ARIA releases statement in the wake of Four Corners’ Sony Music report as artists stay quiet
The record industry’s peak body ARIA has released a short statement following the ABC’s lengthy investigation into the workplace culture at Sony Music Australia.
The episode delved into the fall of Sony Music Australia’s CEO Denis Handlin, as well as the toxic culture within the organisation.
Following the episode last night, ARIA released a three-sentence statement emphasising the importance of safety at work and equality within the industry.
“No one should feel unsafe, harassed, discriminated against, or bullied in the workplace,” it said.
“ARIA will continue to work towards safety, inclusion and equality across the music industry including through the cultural change process that was started in May this year.
“We will listen to the voices that need to be heard and provide our wholehearted support every step of the way.”
The industry body kicked off a process of cultural change this year, holding an initial meeting in May as a first step to address the music industry’s catastrophic sexual assault, harassment and abuse problem.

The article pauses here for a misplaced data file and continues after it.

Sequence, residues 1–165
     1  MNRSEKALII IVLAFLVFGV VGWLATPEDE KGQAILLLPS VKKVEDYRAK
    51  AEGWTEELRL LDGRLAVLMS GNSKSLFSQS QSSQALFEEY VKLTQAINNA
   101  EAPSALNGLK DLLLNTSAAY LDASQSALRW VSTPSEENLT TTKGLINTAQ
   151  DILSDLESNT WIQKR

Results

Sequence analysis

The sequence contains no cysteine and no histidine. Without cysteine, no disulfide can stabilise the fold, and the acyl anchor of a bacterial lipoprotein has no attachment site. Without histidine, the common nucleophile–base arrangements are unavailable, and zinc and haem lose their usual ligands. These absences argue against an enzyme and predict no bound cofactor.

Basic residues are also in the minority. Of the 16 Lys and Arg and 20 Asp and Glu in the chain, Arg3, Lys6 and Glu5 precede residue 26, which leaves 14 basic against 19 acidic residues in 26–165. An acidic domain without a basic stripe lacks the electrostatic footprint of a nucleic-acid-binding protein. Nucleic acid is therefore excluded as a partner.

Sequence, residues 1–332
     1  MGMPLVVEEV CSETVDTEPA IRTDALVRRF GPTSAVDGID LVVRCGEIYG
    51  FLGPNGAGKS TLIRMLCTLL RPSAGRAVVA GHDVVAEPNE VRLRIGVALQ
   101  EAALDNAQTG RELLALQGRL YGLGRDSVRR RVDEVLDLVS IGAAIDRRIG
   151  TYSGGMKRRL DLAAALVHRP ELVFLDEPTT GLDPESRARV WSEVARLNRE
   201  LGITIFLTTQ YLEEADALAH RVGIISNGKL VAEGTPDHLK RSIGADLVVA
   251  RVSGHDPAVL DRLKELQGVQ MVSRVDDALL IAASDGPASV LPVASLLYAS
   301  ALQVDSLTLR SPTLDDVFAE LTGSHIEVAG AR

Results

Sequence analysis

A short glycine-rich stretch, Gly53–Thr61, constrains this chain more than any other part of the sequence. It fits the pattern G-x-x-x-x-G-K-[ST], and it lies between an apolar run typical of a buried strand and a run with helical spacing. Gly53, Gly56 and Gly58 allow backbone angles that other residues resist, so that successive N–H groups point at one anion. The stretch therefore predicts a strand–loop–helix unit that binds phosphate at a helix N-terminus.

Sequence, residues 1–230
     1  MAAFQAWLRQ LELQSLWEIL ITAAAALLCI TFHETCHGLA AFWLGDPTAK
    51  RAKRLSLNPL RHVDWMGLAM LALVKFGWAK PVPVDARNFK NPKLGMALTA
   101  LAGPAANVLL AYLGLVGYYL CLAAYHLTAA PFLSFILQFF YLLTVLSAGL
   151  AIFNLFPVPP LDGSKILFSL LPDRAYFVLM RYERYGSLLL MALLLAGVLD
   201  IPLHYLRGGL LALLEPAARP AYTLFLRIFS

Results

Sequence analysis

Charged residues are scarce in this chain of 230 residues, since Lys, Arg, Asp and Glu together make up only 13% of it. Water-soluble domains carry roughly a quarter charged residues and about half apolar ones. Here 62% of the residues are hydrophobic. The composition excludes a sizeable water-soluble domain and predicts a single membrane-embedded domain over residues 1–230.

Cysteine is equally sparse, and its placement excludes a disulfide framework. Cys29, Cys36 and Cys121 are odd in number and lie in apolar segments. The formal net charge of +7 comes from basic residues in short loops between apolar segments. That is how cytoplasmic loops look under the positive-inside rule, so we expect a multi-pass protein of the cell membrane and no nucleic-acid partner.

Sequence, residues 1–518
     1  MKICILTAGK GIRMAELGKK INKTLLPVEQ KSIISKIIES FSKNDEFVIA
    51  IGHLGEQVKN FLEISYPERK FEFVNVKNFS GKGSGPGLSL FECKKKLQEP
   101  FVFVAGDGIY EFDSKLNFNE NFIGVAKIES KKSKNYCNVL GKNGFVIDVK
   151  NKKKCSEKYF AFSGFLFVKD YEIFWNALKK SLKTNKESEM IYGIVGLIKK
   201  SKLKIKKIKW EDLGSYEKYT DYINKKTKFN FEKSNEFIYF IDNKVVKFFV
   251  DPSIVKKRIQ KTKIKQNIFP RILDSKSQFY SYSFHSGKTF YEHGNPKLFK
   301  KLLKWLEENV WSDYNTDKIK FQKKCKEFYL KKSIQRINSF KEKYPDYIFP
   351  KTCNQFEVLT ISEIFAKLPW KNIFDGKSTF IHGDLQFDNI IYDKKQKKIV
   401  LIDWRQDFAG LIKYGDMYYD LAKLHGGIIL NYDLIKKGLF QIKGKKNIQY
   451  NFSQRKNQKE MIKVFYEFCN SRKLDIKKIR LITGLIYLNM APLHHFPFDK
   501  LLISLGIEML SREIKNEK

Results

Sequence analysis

Initially, the ‘closed door’ meeting was met with some criticism and backlash as artists who had been taking personal and professional risks by speaking out were not invited to attend.
From there, however, more industry representatives, including independent artist Jaguar Jonze, were invited to attend and have their voices heard.
The working group then met and put together a plan for further action, including seeking workplace safety and cultural change experts, and releasing its Temporary Working Group Charter.
He was replaced by the ABC’s Natalie Waller in July.
In contrast to ARIA, Sony Music’s roster of artists have thus far remained silent on the Handlin fallout.
The executive producer of Four Corners, Sally Neighbour, said the program had contacted many Sony artists, but none of them would speak on the record.
Four Corners contacted many Sony artists. None of them would talk on the record about the decades long scandal within Sony Music. #4Corners
— Sally Neighbour (@neighbour_s) October 11, 2021
Journalist Lucy Carter also revealed the program spoke to 117 former and current Sony staff both on and off the record.